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Whip me? No, no; let carman whip his jade;
The valiant heart's not whipt out of his trade.

[Exit. Escal. Come hither to me, master Elbow; come hither, master constable. How long have you been in this place of constable?

Elb. Seven year and a half, sir.

Escal. I thought, by the readiness ? in the office, you had continued in it some time. You say, seven years together?

Elb. And a half, sir.

Escal. Alas! it hath been great pains to you. They do you wrong to put you so oft upon't. Are there not men in your ward sufficient to serve it?

Elb. Faith, sir, few of any wit in such matters. As they are chosen, they are glad to choose me for them : I do it for some piece of money, and go through with all.

Escal. Look you bring me in the names of some six or seven, the most sufficient of your parish.

Elb. To your worship’s house, sir?
Escal. To my house. Fare

[Exit Elbow. What's o'clock, think you?

Just. Eleven, sir.
Escal. I pray you home to dinner with me.
Just. I humbly thank you.

Escal. It grieves me for the death of Claudio ;
But there's no remedy.

Just. Lord Angelo is severe.

It is but needful:
Mercy is not itself, that oft looks so;
Pardon is still the nurse of second woe.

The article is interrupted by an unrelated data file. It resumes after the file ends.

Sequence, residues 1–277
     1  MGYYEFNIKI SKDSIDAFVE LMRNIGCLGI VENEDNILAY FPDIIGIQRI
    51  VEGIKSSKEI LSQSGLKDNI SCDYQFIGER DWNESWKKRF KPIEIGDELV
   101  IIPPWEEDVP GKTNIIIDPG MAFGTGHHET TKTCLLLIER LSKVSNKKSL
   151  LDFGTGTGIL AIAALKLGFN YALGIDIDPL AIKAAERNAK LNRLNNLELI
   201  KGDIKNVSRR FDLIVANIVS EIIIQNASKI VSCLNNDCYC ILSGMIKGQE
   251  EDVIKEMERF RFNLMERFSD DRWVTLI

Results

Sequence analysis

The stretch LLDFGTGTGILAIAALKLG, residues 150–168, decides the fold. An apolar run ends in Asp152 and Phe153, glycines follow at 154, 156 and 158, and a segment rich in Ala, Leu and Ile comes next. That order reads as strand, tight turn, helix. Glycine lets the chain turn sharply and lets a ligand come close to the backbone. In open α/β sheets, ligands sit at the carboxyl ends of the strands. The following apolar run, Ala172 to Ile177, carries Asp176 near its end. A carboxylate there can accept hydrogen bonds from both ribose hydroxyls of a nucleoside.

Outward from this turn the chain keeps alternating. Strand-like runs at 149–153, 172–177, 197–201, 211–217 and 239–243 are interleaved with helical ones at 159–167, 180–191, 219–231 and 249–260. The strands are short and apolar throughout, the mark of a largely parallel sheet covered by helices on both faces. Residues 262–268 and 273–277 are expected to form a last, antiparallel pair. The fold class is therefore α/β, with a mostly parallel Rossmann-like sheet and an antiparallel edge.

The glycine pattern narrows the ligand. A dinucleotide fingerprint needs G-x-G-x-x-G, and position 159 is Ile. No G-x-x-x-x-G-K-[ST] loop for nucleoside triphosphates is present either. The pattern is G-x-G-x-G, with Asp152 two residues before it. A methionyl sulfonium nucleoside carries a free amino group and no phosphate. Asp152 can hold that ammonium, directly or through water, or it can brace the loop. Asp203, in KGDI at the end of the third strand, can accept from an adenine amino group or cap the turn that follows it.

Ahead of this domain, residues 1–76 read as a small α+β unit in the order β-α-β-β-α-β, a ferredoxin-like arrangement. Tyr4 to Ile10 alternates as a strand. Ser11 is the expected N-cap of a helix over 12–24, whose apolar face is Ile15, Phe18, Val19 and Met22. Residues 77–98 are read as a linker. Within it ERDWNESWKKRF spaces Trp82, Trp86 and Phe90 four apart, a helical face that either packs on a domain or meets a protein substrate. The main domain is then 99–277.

But yet, poor Claudio !—There is no remedy.
Come, sir.


you well.

? The readiness] So the old copies, which modern editors have changed to your : thy would be nearer the original, but no alteration is in fact necessary. Escalus means “ by the readiness you showed in the office,” &c.

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Enter Provost, and a Servant.
Serv. He's hearing of a cause: he will come straight.
I'll tell him of you.

Prov. Pray you, do. [Exit Servant.] I'll know
His pleasure; may be, he will relent. Alas!
He hath but as offended in a dream :
All sects, all ages smack of this vice, and he
To die for it!

Enter ANGELO. Ang.

Now, what's the matter, provost?
Prov. Is it your will Claudio shall die to-morrow?

Ang. Did I not tell thee, yea? hadst thou not order?
Why dost thou ask again?

Lest I might be too rash.
Under your good correction, I have seen,
When, after execution, judgment hath
Repented o'er his doom.

Go to; let that be mine:
Do you your office, or give up your place,

shall well be spar'd. Prov.

I crave your honour's pardon.
What shall be done, sir, with the groaning Juliet?
She's very near her hour.

Dispose of her